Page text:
TIA: The Enlightenmenati

Perhaps it’s merely a reflection of my personal taste in reading material, but I have to say I have rarely had the privilege of witnessing such a lurid display of paranoid hysteria as Chapter 4 of The Irrational Atheist. It starts out reasonably enough, pointing out that public opinion of atheists may have declined slightly since some of them started rocking the boat. But it quickly goes downhill from there. Vox has apparently convinced himself that the Enlightenment is some kind of secret conspiracy to undermine public morals and, I don’t know, pervert justice and destroy all that is good and right and holy, etc. etc.

On the other hand, hmmm… Enlightenment…enlighten…illuminate…ILLUMINATI!!!!1!1 (Cue the Home Alone kid in 3…2…1…)

Aaaaugh!!!

Vox seems to have been listening to Christian slanders against atheists for so long that he is no longer able to distinguish them from the truth. Take politics, for example.

Most Americans wisely distrust politicians on principle; after all, the country was founded upon the basic principle of limiting the power of those who have been successful in obtaining office.

Regardless of what one thinks of a politician’s religion, the mere fact that he has one offers the voter essential information about where his moral and ethical lines are theoretically drawn. This doesn’t mean that he is actually bound by them in any way, but at least the voter has some idea of where his limits should be.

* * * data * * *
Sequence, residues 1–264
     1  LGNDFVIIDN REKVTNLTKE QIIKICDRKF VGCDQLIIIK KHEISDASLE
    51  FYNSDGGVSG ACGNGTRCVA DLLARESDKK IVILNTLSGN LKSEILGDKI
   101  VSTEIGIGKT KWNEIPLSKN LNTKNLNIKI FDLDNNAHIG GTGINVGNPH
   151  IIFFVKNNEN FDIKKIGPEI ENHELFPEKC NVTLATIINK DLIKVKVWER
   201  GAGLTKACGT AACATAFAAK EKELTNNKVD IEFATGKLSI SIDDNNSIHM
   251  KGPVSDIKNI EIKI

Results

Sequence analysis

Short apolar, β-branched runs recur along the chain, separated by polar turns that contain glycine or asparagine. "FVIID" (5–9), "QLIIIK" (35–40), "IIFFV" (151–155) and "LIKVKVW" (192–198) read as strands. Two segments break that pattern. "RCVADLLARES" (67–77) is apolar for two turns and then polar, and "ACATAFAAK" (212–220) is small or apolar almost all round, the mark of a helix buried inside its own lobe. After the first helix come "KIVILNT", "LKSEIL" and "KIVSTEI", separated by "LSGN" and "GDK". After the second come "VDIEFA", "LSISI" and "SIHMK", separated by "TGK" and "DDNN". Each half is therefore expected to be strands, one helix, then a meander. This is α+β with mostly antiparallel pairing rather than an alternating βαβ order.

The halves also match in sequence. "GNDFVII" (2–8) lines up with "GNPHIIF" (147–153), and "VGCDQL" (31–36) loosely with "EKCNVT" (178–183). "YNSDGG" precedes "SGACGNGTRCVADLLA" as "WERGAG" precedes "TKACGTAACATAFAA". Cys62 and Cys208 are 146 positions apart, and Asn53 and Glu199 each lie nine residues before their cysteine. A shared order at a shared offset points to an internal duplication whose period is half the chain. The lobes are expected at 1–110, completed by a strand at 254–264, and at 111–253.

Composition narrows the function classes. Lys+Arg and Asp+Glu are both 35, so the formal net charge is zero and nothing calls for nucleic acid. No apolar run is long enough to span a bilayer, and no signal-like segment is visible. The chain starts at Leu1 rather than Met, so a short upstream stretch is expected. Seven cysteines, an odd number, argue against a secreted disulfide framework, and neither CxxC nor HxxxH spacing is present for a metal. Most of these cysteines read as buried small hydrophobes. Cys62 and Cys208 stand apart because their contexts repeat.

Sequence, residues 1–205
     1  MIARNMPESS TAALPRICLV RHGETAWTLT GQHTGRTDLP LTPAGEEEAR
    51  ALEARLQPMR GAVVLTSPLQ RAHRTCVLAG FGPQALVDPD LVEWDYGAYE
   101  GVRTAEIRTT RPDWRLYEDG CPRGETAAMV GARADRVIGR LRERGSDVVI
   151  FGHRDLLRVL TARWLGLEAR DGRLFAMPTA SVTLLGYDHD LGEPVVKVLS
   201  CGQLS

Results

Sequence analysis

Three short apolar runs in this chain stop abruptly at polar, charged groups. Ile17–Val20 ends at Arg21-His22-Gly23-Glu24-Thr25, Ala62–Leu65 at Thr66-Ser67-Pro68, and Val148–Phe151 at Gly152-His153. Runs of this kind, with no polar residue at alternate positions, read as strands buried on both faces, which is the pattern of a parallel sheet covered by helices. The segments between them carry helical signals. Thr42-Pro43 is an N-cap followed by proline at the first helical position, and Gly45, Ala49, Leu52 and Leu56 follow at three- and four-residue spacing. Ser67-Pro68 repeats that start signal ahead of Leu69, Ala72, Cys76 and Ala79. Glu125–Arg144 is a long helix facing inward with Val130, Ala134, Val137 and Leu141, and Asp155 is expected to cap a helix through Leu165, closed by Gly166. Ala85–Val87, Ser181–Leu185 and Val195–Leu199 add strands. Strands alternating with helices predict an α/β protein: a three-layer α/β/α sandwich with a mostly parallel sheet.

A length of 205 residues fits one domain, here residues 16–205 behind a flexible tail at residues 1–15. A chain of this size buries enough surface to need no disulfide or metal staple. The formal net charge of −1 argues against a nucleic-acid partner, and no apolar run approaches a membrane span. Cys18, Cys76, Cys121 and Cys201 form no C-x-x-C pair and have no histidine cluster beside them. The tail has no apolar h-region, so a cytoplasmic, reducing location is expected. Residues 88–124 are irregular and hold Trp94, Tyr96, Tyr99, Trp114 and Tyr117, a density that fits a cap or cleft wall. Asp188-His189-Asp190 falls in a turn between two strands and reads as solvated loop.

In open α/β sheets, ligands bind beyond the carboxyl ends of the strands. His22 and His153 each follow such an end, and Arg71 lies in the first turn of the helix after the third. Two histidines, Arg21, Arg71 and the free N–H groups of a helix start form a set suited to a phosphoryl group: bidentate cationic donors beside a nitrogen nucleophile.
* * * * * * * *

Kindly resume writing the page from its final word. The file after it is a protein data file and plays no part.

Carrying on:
In other words, religion makes it easier for politicians to gain the voters’ confidence under false pretenses. And Vox sees this as a good thing, a point in religion’s favor, as opposed to those dastardly, sneaky atheists.

In the case of the atheist politician, however, the voter not only has no information, he has no easy means of obtaining that information.

What? Atheists aren’t telling us what their moral values are? How suspicious is that? There can only be one explanation: it’s all a vast, secret conspiracy!! Whenever anybody expects voters to put any effort at all into researching a candidate’s record and position statements, instead of just picking candidates based on their superficial religious affiliation, you just know they can’t be up to anything good!

But that’s just a hint of the anti-atheist paranoia to come. For example, did you know that atheists are “moral parasites”? Oh yes, they’re so evil that even when they’re good, they’re only stealing someone else’s goodness.

Most atheists abide by the morality of the culture that they inhabit, not because they have taken the effort to reason from first principles and miraculously reached conclusions that bear a remarkable similarity to the moral system of those around them, but because lacking any moral system of their own, they parasitically latch onto the system of their societal host.

That’s right, this evil atheist conspiracy, led by the clandestine Enlightenmenati, has latched on to society like a tapeworm and is attempting to suck away all the moral virtue! They’re not just evil and secretive, they’re invasive! Feel violated, America! Feel very violated.

Vox is apparently laboring under the misconception that morality isn’t a matter of doing right and refusing to do wrong, but rather is a matter of somebody writing down an arbitrary list of do’s and don’ts that other people can point to and say “That’s morality.” Christians have a list they call the Ten Commandments, so they’re “moral,” but atheists don’t even have a Scripture, much less a divinely-appointed list of do’s and don’ts, and therefore they are parasites, stealing their morality from the surrounding Christians.